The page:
Resist the urge to high-five everyone in the cubicles next to you. Your stock may have just strapped on a rocket pack and taken off for the moon, but smart investors won't celebrate until they know that upward leap was justified. Without a fundamental basis for the bounce, these stocks can quickly make the return trip down.

Is now the time to lock in profits, or is this just the first step toward even higher valuations down the road? Let's examine several stocks that just hit the afterburners, and see whether they're truly headed into orbit.


CAPS Rating (out of 5)

Wednesday's Change

Qiao Xing Universal Resources (Nasdaq: XING)






Delta Air Lines (NYSE: DAL)



On a day when the markets reversed course and jumped 129 points, or 1.2%, stocks that went even higher are big deals. Yet with movement like that, even a high-flying blue chip can look like a volatile penny stock.

The devil's in the details
Sometimes there's no real reason for a stock to move as it does. Ambac Financial has been a yo-yo these past few days, moving sharply lower on Monday, rebounding higher on Tuesday, only to fall again yesterday. And there was pretty much no news directly associated with the company to account for the gyrations.

So it is with Qiao Xing Universal, one of the market's top gainers yesterday, but no news specific to it to provide a reason for the move. Is there something afoot in its attempt to purchase Qiao Xing Mobile (NYSE: QXM), a subsidiary it already owns more than 60% of? That stock was also up almost 10% yesterday.

Qiao Xing Universal is a company I've already expressed doubts about several times because of its decision to change from a mobile communications company to a natural resources play by buying a copper and tin mine. Interestingly, it wasn't that long ago that Universal spun off Mobile, but now it wants to take it under its wing again.

Despite Qiao Xing Universal's four-star status on CAPS, this is one I have difficulty believing will outperform the market. Obviously I'm in the minority on this one as 94% of the members rating Universal Resources think it will turn in market-beating results, and WPThatcher believes the acquisition of Mobile for the cheap price is a steal.

I actually agree. The offer, while a premium over the stock's closing price prior to when the offer was made, is actually below the value of the cash Mobile has on the books, one analyst notes, plus the value of its receivables and inventory that it would essentially get for free. Perhaps it has to do with the fact that Universal Resources is the majority owner and can essentially force the deal though at the expense of Mobile's minority shareholders. That doesn't sound like good governance to me, and is part of the reason I've marked Qiao Xing Universal Resources to underperform on CAPS.

Making it to the big time
Airline stocks also took flight yesterday as American Airlines parent AMR, Delta Air Lines, and US Airways (NYSE: LCC) all reported better-than-expected earnings. And not just "better" as in the sense of being less bad, but actually the triumvirate all reported profits. In the airline industry!

They all suggested that better economic conditions helped bring about a change in fortunes and strong international demand gave their operations some much-needed altitude. Nor did it hurt that Delta said the current quarter was looking pretty good too. The results were enough to lift the entire sector, with the stocks of United Continental (Nasdaq: UAUA) and JetBlue Airways (Nasdaq: JBLU) rising 7% each.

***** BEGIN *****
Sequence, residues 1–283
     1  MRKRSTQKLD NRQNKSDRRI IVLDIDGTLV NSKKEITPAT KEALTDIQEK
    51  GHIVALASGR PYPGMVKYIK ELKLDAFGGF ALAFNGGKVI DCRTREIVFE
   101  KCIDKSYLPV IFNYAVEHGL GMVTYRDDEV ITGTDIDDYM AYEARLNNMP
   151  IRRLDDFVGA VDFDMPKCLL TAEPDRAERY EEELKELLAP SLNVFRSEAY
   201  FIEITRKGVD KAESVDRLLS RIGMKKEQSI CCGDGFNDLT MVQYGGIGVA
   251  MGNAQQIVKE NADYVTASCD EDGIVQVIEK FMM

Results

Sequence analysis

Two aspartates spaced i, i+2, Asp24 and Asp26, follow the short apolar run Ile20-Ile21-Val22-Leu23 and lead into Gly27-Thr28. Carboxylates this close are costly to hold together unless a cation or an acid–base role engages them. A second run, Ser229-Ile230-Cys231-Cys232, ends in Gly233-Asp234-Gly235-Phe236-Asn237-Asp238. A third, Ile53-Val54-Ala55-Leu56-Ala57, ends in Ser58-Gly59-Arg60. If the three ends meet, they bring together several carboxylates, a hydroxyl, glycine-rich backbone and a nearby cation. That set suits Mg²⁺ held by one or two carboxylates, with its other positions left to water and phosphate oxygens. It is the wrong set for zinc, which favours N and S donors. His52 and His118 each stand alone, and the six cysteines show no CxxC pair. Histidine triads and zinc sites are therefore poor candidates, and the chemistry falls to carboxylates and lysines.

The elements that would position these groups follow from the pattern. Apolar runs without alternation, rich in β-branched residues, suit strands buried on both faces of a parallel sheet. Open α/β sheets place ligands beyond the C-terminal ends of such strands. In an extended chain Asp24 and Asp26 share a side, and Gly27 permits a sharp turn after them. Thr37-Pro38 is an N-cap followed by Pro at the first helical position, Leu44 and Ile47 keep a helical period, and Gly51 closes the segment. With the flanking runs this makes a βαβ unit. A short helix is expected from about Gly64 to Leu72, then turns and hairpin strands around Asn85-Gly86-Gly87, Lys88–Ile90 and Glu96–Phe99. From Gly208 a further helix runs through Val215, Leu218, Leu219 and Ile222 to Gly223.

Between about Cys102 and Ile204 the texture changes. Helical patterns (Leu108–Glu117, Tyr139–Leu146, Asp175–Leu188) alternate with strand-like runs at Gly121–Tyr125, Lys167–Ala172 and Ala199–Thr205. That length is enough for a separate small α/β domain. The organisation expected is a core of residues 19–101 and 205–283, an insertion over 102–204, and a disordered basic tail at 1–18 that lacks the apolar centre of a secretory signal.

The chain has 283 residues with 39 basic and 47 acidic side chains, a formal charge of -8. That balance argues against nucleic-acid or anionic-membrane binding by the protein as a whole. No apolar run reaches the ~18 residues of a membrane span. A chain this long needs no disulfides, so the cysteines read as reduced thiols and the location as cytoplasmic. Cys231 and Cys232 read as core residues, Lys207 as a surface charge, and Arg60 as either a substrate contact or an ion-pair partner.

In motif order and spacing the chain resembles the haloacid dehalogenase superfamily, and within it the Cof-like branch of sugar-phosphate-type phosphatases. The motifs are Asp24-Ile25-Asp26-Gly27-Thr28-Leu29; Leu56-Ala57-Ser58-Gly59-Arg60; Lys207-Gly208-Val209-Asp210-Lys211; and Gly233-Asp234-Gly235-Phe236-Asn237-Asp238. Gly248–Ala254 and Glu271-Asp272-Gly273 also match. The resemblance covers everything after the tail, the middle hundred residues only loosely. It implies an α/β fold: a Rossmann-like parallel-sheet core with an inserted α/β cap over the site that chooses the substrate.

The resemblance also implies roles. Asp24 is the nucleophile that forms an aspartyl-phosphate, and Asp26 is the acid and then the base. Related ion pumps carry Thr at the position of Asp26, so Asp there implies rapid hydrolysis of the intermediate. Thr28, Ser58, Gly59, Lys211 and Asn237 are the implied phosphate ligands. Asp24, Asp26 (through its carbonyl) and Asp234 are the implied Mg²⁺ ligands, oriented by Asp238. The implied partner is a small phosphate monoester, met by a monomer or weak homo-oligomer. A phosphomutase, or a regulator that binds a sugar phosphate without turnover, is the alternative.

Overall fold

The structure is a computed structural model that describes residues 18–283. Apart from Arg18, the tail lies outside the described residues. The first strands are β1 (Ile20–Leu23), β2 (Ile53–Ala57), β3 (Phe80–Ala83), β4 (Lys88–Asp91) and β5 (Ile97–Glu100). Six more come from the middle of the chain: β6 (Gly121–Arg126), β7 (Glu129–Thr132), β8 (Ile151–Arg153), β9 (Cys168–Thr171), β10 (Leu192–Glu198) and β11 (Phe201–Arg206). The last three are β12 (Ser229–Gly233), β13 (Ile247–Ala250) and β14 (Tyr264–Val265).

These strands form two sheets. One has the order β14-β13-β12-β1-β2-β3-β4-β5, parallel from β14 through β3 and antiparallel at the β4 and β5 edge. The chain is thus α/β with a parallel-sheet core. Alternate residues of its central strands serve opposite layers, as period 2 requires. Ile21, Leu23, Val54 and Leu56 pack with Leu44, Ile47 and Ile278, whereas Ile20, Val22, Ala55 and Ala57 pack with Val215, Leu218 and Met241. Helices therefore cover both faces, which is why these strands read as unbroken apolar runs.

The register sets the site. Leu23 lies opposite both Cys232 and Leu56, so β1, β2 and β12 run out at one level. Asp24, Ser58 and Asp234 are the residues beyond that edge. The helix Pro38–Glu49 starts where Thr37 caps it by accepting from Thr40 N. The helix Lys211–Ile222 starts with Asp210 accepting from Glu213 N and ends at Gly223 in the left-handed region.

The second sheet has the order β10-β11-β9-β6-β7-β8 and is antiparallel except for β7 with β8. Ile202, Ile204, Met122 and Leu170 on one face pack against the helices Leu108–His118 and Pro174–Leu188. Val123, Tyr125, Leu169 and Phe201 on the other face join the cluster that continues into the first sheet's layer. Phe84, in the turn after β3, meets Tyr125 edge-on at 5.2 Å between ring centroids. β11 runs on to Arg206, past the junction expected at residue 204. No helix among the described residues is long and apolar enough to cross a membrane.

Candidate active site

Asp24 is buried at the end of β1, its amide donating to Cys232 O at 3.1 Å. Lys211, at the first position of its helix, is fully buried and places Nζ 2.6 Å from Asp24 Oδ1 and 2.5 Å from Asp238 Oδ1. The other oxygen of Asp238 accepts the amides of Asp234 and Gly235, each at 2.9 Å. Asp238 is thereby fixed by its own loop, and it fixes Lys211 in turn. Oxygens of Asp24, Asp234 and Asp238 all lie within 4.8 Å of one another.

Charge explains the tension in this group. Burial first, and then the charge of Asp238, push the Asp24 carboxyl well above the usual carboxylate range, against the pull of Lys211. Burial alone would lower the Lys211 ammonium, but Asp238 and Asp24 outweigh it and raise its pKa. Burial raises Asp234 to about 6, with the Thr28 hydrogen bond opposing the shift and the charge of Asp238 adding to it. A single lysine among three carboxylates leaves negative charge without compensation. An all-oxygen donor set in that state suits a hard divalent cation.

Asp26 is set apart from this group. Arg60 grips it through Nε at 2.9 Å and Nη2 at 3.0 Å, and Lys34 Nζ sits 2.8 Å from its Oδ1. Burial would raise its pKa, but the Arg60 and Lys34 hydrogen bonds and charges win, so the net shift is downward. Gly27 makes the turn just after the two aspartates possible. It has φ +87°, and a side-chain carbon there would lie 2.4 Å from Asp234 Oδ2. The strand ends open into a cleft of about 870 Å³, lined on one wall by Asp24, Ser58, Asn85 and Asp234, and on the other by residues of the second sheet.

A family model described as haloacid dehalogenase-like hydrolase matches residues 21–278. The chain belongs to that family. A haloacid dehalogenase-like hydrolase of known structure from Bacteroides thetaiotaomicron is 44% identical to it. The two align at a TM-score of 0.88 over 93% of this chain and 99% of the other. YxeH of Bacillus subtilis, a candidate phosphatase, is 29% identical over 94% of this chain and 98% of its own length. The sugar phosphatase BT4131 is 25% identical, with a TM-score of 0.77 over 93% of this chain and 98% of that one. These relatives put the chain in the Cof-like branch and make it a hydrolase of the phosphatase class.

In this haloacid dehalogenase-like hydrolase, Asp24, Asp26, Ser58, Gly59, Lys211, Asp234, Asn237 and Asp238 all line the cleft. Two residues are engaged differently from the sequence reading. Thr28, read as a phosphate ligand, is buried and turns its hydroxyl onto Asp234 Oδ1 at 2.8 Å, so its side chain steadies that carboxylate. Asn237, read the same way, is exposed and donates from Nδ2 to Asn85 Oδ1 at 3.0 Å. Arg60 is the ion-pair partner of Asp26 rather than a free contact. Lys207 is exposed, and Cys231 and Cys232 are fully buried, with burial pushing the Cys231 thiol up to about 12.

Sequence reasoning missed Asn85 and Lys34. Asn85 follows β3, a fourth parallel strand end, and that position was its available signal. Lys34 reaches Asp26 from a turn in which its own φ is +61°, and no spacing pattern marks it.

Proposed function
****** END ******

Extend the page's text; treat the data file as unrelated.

The developments were a surprise to CAPS members too, where more than one-third of those rating AMR, for example, believed it would underperform the market averages and somewhat less than half felt Delta would fall too. In fact, highly rated CAPS All-Star PatientStudent said if forced to choose between the two, AMR would be the preferred carrier just by comparing their capital expenditures.

I don't mean to suggest that American is a healthy company. But, I would expect CapEx to trend closer to D&A. Falling substantially short will necessitate a large catchup eventually. Either that or the company shrinks, or parts of it are just allowed to get old. Wait too long on CapEx, and Delta's $14 billion in goodwill and other intangibles could be in trouble.

Going into orbit
Just because your stock has taken to the stratosphere doesn't mean it won't lose altitude. Markets are known for overreacting. A closer look at what's happened to your stock can give you an edge over other investors who merely follow the market's lead.

That's why it pays to start your own research on these stocks on Motley Fool CAPS, where you can read a company's financial reports, scrutinize key data and charts, and examine the comments your fellow investors have made, all from the stock's CAPS page. Then you can decide for yourself whether your stock's headed for reentry, or off to infinity and beyond.

Try any of our Foolish newsletter services free for 30 days. True to its name, The Motley Fool is made up of a motley assortment of writers and analysts, each with a unique perspective; sometimes we agree, sometimes we disagree, but we all believe in the power of learning from each other through our Foolish community. The Motley Fool has a disclosure policy.

Fool contributor Rich Duprey currently does not own any stocks as you can see here.